CHICAGO -- The Midwest, California and the Southwest will see the biggest increases in real estate investment in the next two years, leading real estate executives and economists predicted in a new study.

The specialists, however, see a sluggish real estate market overall through 1995, citing recent overbuilding as the major detriment. They expect the market to grow more slowly than the consumer price index in the first half of the decade.

The experts also expect a decline in available capital, including foreign investment. Some respondents see a catastrophic impact on real estate from the savings and loan crisis, but others believe the worst already has occurred.

The nationwide survey, mailed in January, compiles responses of 400 real estate specialists to forecast the real estate market for the next five years.

The study was conducted by Ernst & Young Real Estate Advisory Services and the National Real Estate Index, a computer service that tracks real estate values and rents.

Houston was cited as offering the best overall potential for real estate investment over the next five years. Dallas-Fort Worth was the second choice, followed by Los Angeles, Seattle and Washington.

Despite the overall prediction of a slow market, 28.4 percent of the respondents said their firms would increase investment in the Midwest in the next two years compared with spending in 1989.

The specialists appear less enthusiastic about individual markets in the Midwest, however. Only Chicago was selected among the top 10 investment markets nationwide, and only two others made the top 30 -- Columbus, Ohio, at No. 29 and Minneapolis-St. Paul at No. 30.

"I think part of that's a lack of knowledge" about many Midwestern cities, said Michael L. Evans, national director for Real Estate Advisory Services in San Francisco, a branch of the accounting firm Ernst & Young.

"I think a lot of people view the Midwest as being Chicago," he said. "I think they were looking at the principal cities in each region and perhaps didn't have the information about other cities."

Almost 26 percent of the respondents expect to spend more in California, and 24 percent will invest more heavily in the Southwest, the survey showed.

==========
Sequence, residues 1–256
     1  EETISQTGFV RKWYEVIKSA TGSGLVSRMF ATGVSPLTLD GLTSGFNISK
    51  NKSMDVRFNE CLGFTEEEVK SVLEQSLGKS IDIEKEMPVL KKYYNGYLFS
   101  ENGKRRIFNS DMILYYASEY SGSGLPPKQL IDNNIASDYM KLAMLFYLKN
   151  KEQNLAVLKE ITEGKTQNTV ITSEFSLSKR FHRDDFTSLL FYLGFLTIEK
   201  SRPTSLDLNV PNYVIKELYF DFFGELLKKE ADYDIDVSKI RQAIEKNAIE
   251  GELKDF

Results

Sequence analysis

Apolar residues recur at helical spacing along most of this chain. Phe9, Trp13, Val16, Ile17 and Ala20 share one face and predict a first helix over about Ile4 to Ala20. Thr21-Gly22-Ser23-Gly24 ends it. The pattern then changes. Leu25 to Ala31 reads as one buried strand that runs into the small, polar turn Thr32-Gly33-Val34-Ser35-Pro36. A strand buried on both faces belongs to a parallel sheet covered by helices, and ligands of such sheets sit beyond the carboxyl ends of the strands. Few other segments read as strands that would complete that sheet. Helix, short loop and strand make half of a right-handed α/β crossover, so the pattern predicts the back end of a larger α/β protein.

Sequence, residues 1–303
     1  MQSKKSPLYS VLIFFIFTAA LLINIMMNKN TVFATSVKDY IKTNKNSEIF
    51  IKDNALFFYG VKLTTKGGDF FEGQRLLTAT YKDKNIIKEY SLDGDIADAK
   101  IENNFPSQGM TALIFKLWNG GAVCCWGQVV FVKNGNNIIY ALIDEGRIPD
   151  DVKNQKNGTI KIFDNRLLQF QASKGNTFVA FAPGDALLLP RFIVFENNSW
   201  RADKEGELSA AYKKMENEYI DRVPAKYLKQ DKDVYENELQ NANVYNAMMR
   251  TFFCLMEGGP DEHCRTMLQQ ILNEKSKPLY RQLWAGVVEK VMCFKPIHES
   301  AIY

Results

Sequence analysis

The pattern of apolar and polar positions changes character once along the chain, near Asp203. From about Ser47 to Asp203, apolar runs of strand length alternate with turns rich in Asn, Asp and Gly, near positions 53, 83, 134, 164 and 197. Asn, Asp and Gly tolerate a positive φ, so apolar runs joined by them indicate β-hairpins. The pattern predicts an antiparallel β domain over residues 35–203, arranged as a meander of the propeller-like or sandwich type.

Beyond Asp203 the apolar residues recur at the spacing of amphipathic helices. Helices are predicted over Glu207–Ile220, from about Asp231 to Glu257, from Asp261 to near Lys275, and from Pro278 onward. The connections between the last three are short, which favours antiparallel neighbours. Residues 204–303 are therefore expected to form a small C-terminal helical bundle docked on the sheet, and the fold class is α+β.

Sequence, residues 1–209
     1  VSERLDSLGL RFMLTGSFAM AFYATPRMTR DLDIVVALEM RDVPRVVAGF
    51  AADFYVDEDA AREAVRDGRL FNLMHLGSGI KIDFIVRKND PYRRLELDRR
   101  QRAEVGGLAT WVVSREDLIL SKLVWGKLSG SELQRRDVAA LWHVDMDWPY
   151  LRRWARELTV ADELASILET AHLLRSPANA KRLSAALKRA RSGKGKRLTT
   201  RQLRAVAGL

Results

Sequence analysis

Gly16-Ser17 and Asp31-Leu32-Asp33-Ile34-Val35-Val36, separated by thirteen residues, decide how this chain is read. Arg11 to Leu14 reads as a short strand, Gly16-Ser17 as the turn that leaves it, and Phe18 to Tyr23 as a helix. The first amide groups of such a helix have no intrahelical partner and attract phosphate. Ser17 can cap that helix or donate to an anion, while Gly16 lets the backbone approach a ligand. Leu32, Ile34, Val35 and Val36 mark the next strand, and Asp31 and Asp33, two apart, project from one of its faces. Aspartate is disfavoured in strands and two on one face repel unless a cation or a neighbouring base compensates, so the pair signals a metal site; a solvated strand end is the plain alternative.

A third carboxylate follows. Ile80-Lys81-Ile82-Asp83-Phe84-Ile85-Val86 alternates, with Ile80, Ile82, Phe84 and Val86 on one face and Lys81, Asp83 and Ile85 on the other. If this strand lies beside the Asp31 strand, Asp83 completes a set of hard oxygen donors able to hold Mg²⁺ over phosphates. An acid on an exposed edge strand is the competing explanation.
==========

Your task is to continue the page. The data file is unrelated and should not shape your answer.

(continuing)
But 21.4 percent of the specialists think they will spend less on real estate in the Northeast, compared with 17.3 percent who expect to spend more in the region.

The decrease can be traced to the belief of 28.6 percent of the analysts that New York is the most overpriced market in the country for real estate investment.

Los Angeles finished second in the balloting for most overpriced market, but also was identified as the metropolitan market likely to produce the best real estate performance in the next five years.

"I think it reflects the fact that Los Angeles placed high in every category," said Evans. "It's just a feeling that the Southern California economy doesn't want to stop."

Other top overall performers are expected to be Atlanta, Seattle, Washington and Chicago.

Other markets viewed as overpriced were Boston, chosen by 9.9 percent of the respondents; San Francisco, 7.5 percent; and the Washington area, 5.6 percent.

The survey also examined projected growth in specific property sectors: apartments, warehouses, retail space, and central and suburban office space.

Prospects for building apartments are best in Los Angeles, the specialists said. Atlanta is next, followed by Seattle, San Diego and Washington.

Atlanta topped the list of candidates for warehouse space, followed by Chicago, Los Angeles, Dallas-Fort Worth and Seattle.

Seven of the top 20 projected retail markets are in California. The specialists chose Orange County and Los Angeles as the best two retail markets, followed by Atlanta, San Francisco and Seattle.

Washington was rated as the best market for central and suburban office space in the first half of the 1990s. Rounding out the top five markets for office space in the central business district were San Francisco, Los Angeles, Chicago and Seattle.

Los Angeles was second in the voting for prospects for suburban office space, followed by Orange County, Calif., Atlanta and New York.